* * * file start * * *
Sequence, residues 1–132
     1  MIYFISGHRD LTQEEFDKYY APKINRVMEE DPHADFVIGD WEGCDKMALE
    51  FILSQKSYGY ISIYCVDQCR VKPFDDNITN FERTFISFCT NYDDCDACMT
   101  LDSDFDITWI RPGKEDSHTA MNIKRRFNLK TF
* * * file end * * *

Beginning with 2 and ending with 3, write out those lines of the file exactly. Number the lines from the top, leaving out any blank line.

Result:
     1  MIYFISGHRD LTQEEFDKYY APKINRVMEE DPHADFVIGD WEGCDKMALE
    51  FILSQKSYGY ISIYCVDQCR VKPFDDNITN FERTFISFCT NYDDCDACMT